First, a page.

the name of the fourth heaven as Hau-ora. and states : ** From hence
comes the spirit to the child about to be born.** Although these state-
ments may appear somewhat contradictory, yet is there much of interest
contained therein. If my memory serves me the Chaldeans believed
in a system of seven heavens, but no reference library exists in the
forests of Tuhoe-land.

We have seen that the general Maori belief was that at death the
wairua left the body and descended to the underworld. Yet the natives
are much afraid of the ghosts of the dead, termed kekua. These are
said to be the wairua of the dead, and are looked upon as malevolent
demons which work harm to man. These two beliefs are somewhat
contradictory and I have not received any satisfactory explanation
thereof. When questioned about the matter the natives differ some-
what in their explanations. One informed me that the wairua does

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not descend to Hades, instancing the wairua of Hopemotu which was
retained by Uhia in this world. Another said that the wairua remains
here as an ntua whakakashae or kehua (ghost) until the body is buried,
. when it departs vid Te Beinga for the underworld.

Regarding the first statement — Hopemotu was the name of a still-
born child, and the wairua of such are believed to remain here as man-
destroying demons, as we have already shown. By means of divers
magic rites, one Uhia of the sub-tribe of Tama-kai-moana was enabled
to control this caco-demon and utilise its services as a war god, known
to fame as Te Kehu-o-Tainui, and so potent was that dread demon
that the phalanx of Tuhoe defeated Te Arawa of the Boiling Water
Country in pitched battle, their spears routed the Sons of Tu-wharetoa
and left but the drifting birds on the face of Taupo-moana.

The other statement — ^that the wairua remains here as a ghost only
so long as the body is unburied — is also inadmissable, which might be
proved by examples ad nauseam.

An excellent illustration of the native belief in the human wairua
and its strange manifestations, may be found in an article entitled
** Nga Tangata Maori," contributed by Col. Gudgeon to the ** Monthly
Beview," published by Lyon and Blair, at Wellington. Vol. 1. p. 428.

Other items in regard to the wairua will be explained under the
heading of ** Apa hau,*'

The Irish people, when sitting by the fireside at night, will remark
— ** Let us go to bed so that the * old people ' (i.^., the dead, or their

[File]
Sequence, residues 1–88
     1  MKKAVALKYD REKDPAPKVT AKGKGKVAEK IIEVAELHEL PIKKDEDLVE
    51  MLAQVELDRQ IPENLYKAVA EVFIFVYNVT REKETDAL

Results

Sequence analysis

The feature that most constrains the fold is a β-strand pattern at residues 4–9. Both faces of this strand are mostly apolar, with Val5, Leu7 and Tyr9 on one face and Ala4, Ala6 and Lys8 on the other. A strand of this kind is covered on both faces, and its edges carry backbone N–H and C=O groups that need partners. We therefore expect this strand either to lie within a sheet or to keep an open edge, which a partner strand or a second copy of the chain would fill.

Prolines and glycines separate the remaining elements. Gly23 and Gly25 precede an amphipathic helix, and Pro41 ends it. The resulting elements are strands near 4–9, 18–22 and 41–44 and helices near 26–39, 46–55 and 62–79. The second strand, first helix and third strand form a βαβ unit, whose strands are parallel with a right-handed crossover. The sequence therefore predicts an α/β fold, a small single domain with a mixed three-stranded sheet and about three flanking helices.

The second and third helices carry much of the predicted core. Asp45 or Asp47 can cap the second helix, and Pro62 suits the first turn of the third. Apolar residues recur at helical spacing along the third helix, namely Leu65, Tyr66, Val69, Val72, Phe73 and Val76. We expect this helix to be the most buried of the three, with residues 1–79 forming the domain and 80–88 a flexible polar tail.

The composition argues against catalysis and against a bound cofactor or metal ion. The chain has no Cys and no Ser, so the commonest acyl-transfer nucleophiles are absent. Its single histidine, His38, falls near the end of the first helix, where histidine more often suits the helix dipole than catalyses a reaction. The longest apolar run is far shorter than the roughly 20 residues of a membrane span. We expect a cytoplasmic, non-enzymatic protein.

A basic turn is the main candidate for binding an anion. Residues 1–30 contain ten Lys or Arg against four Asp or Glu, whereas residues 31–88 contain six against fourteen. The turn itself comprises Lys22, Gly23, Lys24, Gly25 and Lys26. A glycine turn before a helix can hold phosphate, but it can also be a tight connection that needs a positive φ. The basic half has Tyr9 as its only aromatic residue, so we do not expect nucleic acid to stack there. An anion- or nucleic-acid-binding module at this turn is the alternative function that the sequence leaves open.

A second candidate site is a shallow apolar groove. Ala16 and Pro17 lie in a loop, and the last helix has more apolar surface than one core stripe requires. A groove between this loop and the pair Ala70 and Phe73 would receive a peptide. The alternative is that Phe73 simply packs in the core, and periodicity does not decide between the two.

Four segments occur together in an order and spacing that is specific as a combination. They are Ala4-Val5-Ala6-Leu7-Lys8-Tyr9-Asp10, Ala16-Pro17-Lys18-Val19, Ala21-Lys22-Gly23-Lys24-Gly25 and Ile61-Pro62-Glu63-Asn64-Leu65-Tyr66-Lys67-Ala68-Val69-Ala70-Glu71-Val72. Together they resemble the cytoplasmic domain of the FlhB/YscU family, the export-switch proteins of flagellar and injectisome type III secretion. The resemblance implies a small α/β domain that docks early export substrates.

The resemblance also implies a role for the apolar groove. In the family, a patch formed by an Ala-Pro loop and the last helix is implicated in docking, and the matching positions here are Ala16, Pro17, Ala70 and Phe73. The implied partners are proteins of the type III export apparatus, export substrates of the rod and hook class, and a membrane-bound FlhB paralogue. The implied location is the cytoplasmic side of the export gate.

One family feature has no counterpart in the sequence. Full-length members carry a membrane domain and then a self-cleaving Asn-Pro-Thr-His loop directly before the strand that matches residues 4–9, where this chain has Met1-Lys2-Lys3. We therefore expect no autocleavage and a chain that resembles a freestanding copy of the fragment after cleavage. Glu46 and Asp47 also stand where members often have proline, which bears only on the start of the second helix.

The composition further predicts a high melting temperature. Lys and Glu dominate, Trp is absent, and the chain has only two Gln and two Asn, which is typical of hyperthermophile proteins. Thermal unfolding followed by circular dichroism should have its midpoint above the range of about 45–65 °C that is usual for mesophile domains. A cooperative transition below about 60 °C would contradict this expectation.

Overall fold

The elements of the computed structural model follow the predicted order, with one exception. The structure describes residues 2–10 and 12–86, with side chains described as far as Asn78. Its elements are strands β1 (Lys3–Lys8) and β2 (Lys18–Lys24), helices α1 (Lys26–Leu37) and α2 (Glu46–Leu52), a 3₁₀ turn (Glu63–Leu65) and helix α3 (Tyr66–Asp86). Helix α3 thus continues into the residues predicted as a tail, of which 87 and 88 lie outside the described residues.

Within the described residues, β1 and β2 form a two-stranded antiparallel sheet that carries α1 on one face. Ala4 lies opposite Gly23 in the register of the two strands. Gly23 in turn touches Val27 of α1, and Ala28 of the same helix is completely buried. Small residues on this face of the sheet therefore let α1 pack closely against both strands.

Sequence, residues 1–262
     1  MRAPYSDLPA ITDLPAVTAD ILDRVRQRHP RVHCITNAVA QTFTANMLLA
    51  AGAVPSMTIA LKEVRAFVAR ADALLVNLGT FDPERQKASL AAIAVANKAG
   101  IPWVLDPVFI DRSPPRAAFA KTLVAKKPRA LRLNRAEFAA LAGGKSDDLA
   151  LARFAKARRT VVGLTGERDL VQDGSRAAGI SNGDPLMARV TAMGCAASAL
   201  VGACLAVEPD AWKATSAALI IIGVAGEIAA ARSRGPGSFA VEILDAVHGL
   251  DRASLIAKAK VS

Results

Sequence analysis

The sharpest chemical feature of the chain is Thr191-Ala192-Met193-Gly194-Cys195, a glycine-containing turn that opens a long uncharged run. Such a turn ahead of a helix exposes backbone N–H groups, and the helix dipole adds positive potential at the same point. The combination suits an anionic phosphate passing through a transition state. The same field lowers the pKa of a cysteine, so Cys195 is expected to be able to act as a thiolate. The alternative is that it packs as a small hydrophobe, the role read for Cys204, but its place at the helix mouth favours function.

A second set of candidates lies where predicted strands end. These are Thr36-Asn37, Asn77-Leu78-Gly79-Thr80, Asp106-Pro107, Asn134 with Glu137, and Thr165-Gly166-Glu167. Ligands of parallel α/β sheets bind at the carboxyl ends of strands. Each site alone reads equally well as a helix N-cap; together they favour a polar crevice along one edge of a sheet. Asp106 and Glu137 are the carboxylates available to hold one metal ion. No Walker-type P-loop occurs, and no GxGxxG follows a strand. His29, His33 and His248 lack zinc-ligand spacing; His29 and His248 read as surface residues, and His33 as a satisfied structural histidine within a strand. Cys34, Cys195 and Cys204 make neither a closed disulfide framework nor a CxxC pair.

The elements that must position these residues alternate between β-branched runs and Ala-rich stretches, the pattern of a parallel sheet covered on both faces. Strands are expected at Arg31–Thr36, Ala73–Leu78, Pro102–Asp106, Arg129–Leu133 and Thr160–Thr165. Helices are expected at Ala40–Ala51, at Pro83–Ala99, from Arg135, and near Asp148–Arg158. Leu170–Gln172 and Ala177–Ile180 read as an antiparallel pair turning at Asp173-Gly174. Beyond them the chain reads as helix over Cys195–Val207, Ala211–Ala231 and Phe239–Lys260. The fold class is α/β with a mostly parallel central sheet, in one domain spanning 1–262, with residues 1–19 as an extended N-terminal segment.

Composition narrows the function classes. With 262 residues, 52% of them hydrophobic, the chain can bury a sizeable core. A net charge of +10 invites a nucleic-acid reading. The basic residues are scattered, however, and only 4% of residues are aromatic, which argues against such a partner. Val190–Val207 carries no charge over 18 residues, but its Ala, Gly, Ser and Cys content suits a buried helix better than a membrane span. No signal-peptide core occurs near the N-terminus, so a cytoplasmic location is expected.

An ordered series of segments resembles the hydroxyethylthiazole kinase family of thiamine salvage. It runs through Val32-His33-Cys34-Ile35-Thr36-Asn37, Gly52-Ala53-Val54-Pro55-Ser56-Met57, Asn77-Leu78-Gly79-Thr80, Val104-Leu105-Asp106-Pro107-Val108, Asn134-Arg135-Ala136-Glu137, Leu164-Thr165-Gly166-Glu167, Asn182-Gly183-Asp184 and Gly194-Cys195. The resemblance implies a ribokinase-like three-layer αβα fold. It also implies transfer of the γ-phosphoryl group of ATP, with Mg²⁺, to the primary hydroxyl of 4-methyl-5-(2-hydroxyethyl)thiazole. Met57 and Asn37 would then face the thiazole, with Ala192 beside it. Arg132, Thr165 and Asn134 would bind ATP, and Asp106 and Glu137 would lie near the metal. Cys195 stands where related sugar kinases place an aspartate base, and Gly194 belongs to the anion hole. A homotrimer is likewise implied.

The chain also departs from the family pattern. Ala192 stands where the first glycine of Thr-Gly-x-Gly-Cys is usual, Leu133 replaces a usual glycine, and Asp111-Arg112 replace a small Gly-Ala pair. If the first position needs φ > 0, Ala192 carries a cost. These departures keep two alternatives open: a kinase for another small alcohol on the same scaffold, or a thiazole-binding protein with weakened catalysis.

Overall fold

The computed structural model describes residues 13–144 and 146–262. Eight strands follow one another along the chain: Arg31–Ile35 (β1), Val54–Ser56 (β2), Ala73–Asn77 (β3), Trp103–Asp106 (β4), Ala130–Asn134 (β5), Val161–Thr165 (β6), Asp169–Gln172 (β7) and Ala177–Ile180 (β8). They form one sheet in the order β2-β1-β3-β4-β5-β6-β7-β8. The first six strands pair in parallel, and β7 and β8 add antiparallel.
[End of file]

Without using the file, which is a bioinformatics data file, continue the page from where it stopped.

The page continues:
wainut) may warm themselves.*' Among the same people, after a
death, no water may be thrown out of the house for some days, lest it
be cast upon the spirit of the dead.

According to Maori belief, the hau and wairua of a child are
implanted during coition, by the father. The mother is merely a
whare rnoenga, i.e,^ recepticle. The Maori had the same belief in, or
grasp of, the active and passive agents as had all peoples who have
practised the phallic cult.

Of innumerable notes concerning the wairua of man, I have but
one treating of the taking of the wairua of a dead person in the
manner that the hau is taken.

When Tamarau and Rawaho recovered the bones of their grand-
father, Hape the Wanderer, they took his wairua or rather the arid
(material form or form of incarnation) of the same. This arid was a
lock of his hair, which was placed in the sacred belt, the same
receptacle that contained the inauri of the kumara, of which more

The Maori code of ethics was a somewhat peculiar one. The
person who lapsed from virtue and strayed into the paths of vice, was
assuredly treading dangerous ground. If guilty of the crime of

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murder or of slaying, or attempting to slay anyone, by means of witch-
craft, without just caase, he was usually punished through the agency
of his hau, that is to say, his hau was taken and his body doomed to
death by the spells of witchcraft (makutu), A person guilty of theft
was punished in the following manner : — The person who had been
robbed would take to the priest the kau of the place from which the
article had been taken. His hau would probably be a portion of earth
on which the article had been laid. Or he would take the rndtce of the
stolen article. This term almost, if not quite, equals ahtia (resemblance
or personality). In one case that came to my knowledge the ahua of
some stolen money was taken to the priest. This ahua was a coin
which the thief had overlooked.

As the person approached the priest, the latter would see (and
recognise) the wairua of the thief advancing by the side of the bearer
of the hau or mdwe. The priest would say — " Behold ! You approach
me side by side." The hau bearer would then ask — " Who is it ? "
'' It is so and so (giving the name of the person). He is at your side."
The priest would then call upon the spirit of the thief to confess. If